When it came to their daughter Maegan, Jack and Teddie Barnhart always figured that, whatever the future held, it probably didn't include gainful employment.
Diagnosed with ataxic cerebral palsy and intellectual disability caused by birth trauma, Maegan, 19, has attended Kennedy Krieger School Programs since elementary school. And, while generally happy and easygoing, Maegan has limitations. She cannot hold a give-and-take conversation, for instance, because of speech and cognitive difficulties. She can also be easily distracted, making it difficult for her to complete tasks. Even so, Maegan's parents have always strived to provide their daughter with the education she deserves, in hopes of making the most of the potential she has, no matter what the future holds.
As the owner of her own company and the parent of a child with cerebral palsy, Teddie often invites students with disabilities -- Maegan included -- to take on small jobs at her business, in hopes of providing them with meaningful work and personal fulfillment. Teddie often saw firsthand how her daughter sometimes struggled to stay on task, just as in school. As a rule, she met expectations as best she could, but, otherwise, the expectations remained, not necessarily low, but reasonable. And so, when the time came for her to begin Kennedy Krieger High School, no one expected a monumental change. But then came the high school's industry program.
Part of every Kennedy Krieger student's high school education, work-based learning aims to teach job skills through the exploration of different industries, including information technology, hospitality and tourism, manufacturing and construction, horticulture, and retail and consumer services. Ideally, students will find an industry that not only piques their interest, but gives them a chance to succeed at something they also enjoy. For Maegan, it was retail.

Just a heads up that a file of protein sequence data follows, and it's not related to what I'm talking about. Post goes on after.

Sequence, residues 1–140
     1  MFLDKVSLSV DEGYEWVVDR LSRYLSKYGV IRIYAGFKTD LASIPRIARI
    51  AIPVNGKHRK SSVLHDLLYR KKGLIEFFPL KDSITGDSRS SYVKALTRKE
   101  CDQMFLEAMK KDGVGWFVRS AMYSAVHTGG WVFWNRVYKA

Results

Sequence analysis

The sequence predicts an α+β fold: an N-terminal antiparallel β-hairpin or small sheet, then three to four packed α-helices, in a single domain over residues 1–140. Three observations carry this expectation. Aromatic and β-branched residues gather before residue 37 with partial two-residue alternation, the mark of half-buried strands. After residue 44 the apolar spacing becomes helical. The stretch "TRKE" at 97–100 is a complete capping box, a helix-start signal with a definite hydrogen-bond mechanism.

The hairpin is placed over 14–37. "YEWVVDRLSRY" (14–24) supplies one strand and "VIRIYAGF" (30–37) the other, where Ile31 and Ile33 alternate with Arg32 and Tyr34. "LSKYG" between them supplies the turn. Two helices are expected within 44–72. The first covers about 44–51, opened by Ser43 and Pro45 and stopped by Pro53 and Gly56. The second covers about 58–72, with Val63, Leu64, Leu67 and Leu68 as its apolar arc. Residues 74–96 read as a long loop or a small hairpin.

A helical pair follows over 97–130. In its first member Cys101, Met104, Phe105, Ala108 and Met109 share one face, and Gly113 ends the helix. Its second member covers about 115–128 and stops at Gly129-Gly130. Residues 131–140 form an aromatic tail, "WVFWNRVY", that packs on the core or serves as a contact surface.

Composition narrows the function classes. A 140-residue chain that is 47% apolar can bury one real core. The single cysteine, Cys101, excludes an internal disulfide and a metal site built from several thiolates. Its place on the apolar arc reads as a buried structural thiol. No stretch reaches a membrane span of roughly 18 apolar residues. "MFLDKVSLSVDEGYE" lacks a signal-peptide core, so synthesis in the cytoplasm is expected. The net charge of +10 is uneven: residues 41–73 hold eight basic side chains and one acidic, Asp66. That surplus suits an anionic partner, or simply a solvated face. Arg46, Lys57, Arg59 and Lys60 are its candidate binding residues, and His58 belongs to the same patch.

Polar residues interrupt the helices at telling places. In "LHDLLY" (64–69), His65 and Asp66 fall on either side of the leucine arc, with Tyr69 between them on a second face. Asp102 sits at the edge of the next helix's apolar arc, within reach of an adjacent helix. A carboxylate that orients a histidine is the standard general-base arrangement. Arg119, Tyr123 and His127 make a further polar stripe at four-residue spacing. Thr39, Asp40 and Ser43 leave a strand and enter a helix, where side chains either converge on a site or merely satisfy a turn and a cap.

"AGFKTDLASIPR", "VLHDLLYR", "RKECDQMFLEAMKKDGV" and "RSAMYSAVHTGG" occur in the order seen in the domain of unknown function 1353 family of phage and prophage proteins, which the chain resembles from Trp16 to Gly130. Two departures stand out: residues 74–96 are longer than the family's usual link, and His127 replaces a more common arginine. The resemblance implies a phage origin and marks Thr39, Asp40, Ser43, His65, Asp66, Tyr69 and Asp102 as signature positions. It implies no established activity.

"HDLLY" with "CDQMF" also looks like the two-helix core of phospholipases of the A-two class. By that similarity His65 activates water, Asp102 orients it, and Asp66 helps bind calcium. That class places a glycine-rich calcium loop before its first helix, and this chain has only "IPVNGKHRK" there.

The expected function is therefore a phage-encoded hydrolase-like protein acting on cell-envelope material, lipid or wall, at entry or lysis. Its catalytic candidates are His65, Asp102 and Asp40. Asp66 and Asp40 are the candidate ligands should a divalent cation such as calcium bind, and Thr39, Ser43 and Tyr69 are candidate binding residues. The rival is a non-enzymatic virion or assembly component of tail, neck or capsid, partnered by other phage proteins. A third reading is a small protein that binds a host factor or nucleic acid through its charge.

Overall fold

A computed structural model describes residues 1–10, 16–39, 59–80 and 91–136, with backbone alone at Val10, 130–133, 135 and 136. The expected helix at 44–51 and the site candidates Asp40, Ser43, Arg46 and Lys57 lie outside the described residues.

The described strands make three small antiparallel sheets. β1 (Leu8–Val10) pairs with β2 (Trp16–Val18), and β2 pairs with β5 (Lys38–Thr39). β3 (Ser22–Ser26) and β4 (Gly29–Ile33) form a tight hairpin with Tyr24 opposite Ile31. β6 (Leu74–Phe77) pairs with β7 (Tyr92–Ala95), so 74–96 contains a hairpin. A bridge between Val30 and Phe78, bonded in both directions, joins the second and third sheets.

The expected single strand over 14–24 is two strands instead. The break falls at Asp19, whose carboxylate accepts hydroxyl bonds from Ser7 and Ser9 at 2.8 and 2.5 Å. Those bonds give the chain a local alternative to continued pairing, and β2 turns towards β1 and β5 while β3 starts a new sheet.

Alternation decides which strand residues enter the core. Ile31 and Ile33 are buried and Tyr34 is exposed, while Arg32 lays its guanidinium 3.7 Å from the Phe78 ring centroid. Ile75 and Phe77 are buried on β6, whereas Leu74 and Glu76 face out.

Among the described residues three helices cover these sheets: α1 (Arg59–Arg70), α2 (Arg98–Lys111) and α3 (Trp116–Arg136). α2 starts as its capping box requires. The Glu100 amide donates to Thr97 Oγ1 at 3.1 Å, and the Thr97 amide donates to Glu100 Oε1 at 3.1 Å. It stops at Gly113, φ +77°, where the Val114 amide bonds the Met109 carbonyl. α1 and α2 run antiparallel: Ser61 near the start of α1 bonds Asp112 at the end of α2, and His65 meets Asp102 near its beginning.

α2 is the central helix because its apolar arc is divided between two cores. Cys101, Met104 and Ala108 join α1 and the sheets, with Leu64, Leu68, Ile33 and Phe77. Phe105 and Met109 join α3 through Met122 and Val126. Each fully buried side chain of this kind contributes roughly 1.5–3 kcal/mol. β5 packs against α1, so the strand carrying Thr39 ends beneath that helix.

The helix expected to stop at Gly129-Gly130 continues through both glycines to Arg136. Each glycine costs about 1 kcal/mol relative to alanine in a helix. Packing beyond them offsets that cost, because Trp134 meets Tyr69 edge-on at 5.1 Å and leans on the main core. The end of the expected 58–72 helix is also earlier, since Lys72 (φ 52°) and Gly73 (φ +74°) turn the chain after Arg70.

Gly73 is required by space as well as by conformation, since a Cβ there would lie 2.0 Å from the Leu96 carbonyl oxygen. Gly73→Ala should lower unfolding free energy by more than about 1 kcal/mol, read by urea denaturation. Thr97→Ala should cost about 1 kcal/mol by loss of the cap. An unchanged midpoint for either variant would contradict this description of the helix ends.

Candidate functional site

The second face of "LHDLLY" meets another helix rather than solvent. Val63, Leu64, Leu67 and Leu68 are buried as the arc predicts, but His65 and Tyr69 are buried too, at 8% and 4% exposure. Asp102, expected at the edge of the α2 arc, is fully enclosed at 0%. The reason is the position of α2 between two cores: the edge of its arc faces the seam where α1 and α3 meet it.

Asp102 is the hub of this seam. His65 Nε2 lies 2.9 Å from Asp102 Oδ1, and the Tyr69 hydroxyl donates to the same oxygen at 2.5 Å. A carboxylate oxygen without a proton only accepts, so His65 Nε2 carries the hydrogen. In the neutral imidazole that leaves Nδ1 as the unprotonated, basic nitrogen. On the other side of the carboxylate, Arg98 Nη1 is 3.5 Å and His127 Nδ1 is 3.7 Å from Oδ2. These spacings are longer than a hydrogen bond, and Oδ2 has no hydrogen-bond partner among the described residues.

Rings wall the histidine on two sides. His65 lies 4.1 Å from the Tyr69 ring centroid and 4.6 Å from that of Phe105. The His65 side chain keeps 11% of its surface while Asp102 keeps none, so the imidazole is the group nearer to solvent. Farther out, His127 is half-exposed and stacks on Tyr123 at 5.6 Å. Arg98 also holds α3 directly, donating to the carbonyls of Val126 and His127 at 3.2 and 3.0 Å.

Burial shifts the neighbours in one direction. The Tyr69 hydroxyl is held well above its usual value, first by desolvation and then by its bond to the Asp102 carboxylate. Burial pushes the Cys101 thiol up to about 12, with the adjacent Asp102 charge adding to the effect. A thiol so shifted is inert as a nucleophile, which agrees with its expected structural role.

Since she first began working there in 2008, Maegan has thrived in her job at the school's student-run retail store, says teacher Kathleen Bates, who oversees the store. And, over time, her teachers have found ways to work with Maegan that promote her continued success. "This year, more so than ever before, she's just come such a long way," Bates says. "Through trial and error, we've found solutions that work great for her."
The difference hasn't gone unnoticed, particularly by her mom who recently employed Maegan's help at her business again, and today says she can even imagine a possibility of her daughter finding work one day. Maegan even recently was able to participate in the school's Work-Based Learning Program, which helps students find internships both on and off campus. Maegan's internship was with the Baltimore County Department of Aging. "In the past, you'd have to stand there with her and keep her mind on track," says Teddie. "But now when she helps me I am able to step away, and when I come back, she is still there on task, working hard to get the job done. I'd definitely say that is tied to her work-based learning experience."